I’ve seen memes like this floating around the internet. I read comments of people saying how much their degree didn’t do them much good, and all they ended up with was debt and fancy paper to put on the wall.
I know how frustrating it must be to put in so much work to get a degree, only to not have much to show for it at the end. Yea you graduated, but now what? Suddenly you don’t have enough experience to qualify for any of the jobs in your field. But how are you suppose to do that if no one will hire you to help you get experience? It’s the weirdest unbreakable cycle that you feel lost in.
But really the problem where a LOT of people go wrong is that they think that all they have to do when they’re in school is just go to school, and go home or work. Once they get a degree, everything is suppose to just fall into their lap.
That’s not how this work.
At least not anymore.
Maybe it USE to be that way but it most certainly isn’t like that now.
So if you’re still in college and you’re starting to panic of if you will actually get a job after graduation, I URGE you to do a few of the things I list here to put yourself in a better position for life after college.
Get a leadership position in a student organization and excel in it.
Ok hear me out. Companies love to hear that you have leadership experience PLUS a lot of those experiences you have as a president of this club or a committee chair in that club can be used in behavior based interviewing questions that will be used. If you led community service for your club and was able to raise $5,000 for a nonprofit, that shows you can bring results to reach revenue goals. If you were a tour guide that helped during freshman orientation where you interacted with various students of all different backgrounds and walks of life to help them feel comfortable, that shows that you’re open to diversity and inclusion of others. If you was president where you lead a team of 12 to get various events and projects done in a group, that shows great leadership, delegation, and communication skills. See where I’m going with this? So get involved in a variety of things and go hard at it so that you’ll have experience to draw from when they interview you.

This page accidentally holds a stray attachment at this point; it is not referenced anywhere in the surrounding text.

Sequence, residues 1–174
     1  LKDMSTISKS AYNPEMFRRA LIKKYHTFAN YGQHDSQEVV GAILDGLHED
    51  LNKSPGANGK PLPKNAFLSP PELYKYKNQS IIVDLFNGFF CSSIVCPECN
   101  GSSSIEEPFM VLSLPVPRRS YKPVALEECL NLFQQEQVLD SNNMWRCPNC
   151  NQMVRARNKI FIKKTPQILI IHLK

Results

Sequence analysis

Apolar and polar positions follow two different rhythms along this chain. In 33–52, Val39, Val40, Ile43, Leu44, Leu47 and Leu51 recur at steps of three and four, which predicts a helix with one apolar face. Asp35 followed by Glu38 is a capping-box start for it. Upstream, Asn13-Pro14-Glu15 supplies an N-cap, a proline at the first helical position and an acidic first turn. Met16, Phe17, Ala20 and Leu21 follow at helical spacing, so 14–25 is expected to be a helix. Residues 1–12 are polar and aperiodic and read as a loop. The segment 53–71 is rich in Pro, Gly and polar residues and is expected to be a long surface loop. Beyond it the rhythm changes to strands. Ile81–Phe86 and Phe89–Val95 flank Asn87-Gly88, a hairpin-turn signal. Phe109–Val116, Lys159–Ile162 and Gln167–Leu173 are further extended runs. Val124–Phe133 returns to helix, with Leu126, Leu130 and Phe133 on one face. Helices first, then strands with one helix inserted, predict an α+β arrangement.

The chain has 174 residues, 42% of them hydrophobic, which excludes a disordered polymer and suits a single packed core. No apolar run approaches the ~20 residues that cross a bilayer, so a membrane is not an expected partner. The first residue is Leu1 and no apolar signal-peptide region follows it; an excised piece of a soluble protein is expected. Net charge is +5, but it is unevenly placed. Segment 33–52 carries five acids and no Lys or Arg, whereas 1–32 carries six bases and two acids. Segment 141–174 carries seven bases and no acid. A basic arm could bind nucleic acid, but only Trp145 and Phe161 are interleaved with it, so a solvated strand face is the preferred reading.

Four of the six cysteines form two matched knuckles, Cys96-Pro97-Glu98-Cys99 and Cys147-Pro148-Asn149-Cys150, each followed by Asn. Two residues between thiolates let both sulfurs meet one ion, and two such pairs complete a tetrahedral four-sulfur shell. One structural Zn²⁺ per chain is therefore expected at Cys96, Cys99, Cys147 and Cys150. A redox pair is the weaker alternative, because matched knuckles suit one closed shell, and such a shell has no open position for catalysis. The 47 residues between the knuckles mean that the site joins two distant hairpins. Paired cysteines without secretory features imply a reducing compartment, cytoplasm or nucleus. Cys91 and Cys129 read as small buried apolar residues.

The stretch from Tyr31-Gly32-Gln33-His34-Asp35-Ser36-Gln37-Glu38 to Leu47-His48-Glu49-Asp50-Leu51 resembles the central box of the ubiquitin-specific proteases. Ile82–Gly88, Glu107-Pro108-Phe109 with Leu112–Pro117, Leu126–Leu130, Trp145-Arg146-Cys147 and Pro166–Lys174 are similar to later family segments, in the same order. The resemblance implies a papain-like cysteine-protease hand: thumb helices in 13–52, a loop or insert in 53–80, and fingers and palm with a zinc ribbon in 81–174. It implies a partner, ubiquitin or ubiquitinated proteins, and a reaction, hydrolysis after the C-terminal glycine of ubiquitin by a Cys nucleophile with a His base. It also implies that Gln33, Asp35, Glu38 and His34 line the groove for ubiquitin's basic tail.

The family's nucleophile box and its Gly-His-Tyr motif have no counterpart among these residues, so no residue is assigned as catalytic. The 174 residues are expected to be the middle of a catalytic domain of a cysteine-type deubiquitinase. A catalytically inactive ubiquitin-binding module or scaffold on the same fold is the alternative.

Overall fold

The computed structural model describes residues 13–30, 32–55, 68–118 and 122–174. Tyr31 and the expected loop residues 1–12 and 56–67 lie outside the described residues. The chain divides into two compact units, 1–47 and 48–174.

2. Get an internship.
You need experience. Internships gives you experience while you’re still in college. In fact academic internships will not only give you experience, but it’ll also get you college credit. That’s a win win! Find organizations that will allow you to get experience in your field via an internship. If they don’t have a posting for one at the time, call their HR department anyway and inquire if they have any coming up. It never hurts to ask. That experience can give you the nudge you need on your resume, and you can rub elbows with people that can help you get your foot in the door with a job right after college. I saw this happen a lot with people I knew in college that had something waiting for them just because they did an internship. And even if they can’t offer you a job at the moment, keep your connections alive with them. They can be great references, or they can be sure to remember you later to bring you on when something does become available.
This happened with me as I had an internship while I was in grad school for two semesters that gave me credit hours. I learned a lot, and my team loved me so much that they created an entry level position just to get me on the team. Talk about feeling wanted! I’m so grateful that I did that internship. Best decision I ever made.